(Editor’s note: This column only represents the author’s views, which are blogging by nature. Tinges of sarcasm are subject to safe harbor statement protection and do not intend to offend or misinform.)
In a largely unexpected move underscoring significant change, Bank of America (BofA) today appointed former Citi CFO and practice head Sallie Krawcheck as the bank’s new leader in charge of global wealth and investment management.
Observers and compensation experts alike were seen quietly listening along the New York to Charlotte corridor for the original red rover request, which could be heard sometime this morning between BofA CEO Ken Lewis and Citi CEO Vikram Pandit.
This move certifies the power of failing up in an industry that’s been flailing since well before last year’s market collapse.
Krawcheck will join a senior team that now includes at least three bona fide candidates to replace CEO Ken Lewis when he’s ready to go — or when the board decides it’s time for him to go.
There is no reported timetable for either option, although Lewis has hinted in previous interviews that it’s not exactly a great job at the moment. Neither Lewis nor BofA board Chairman Walter Massey were available for comment, according to their personal bartenders.
Chairman Massey continues to move swiftly and deftly with mixing up the board’s composition at the behest of the Obama administration. How he’s able to do so without the official help of any of the major executive search firms defies human reason.
The only real question left behind this high-level talent mix-up is what role did the government play in approving the selection of Krawcheck? What exactly was required to get this plum assignment — performance in previous positions? Extensive industry experience? Long lost uncle related to Obama or Geithner?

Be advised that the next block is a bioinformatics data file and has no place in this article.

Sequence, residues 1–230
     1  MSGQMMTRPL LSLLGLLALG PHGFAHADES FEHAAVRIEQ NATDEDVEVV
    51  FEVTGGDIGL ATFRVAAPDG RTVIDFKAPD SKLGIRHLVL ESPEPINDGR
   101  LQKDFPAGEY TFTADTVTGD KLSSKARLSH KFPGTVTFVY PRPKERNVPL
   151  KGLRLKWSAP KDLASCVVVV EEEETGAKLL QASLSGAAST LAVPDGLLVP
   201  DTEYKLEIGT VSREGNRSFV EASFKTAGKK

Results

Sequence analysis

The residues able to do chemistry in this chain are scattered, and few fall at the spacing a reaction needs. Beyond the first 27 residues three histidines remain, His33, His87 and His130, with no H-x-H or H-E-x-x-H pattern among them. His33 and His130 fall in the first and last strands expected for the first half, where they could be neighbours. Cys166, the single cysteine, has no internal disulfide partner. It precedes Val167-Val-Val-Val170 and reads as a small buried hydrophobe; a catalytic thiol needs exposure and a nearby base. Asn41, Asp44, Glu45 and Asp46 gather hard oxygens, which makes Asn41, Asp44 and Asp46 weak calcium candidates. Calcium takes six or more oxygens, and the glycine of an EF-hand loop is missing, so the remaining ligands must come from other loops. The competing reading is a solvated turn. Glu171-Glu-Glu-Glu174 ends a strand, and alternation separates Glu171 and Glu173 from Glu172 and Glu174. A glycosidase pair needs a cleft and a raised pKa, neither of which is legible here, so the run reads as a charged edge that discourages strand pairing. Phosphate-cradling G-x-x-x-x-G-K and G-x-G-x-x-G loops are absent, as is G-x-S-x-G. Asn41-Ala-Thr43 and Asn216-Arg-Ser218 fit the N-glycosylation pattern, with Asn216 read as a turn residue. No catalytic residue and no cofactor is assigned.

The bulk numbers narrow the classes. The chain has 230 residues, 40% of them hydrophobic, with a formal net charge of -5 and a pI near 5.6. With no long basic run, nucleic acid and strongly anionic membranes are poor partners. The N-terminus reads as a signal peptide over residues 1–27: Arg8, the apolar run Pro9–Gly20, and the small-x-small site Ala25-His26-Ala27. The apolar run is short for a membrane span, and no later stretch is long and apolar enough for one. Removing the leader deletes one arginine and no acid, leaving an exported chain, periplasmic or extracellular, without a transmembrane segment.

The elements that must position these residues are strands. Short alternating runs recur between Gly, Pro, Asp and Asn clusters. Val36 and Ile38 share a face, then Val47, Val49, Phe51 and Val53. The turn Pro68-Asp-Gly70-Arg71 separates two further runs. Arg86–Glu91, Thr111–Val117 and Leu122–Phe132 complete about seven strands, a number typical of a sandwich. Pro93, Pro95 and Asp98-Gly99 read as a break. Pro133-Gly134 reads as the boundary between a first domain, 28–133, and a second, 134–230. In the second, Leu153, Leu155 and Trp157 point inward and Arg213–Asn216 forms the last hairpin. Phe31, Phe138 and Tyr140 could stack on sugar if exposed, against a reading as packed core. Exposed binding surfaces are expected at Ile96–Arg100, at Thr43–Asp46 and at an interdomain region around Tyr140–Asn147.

Most importantly…What will Krawcheck earn in her new position compared with what she received at Citi? Bonus watchers at both leading financial institutions will be waiting patiently for the answer.
The appointment of Krawcheck to head what’s left of Merrill Lynch also unofficially signifies an internal horse race for top job at BofA. While it remains unclear who will ultimately get the CEO position, one thing is abundantly clear: The race will not produce anything dramatically different than what’s been seen thus far.
Meanwhile, in other news, AIG has appointed a former MetLife CEO to replace the insurer’s outgoing CEO, Edward Liddy, who used to run AllState. And Apple has decided that it’s time for Eric Schmidt, CEO of Google, to step off the Cupertino, Calif.-based company’s board. Liddy is rumored to be Schmidt’s replacement, but the TGR could not confirm this to be true as of press time. Something about iPods not working in the board room.
Ah yes, the more things change, the more they stay the same. Captain Weill, more yacht steam — it’s time to return to port.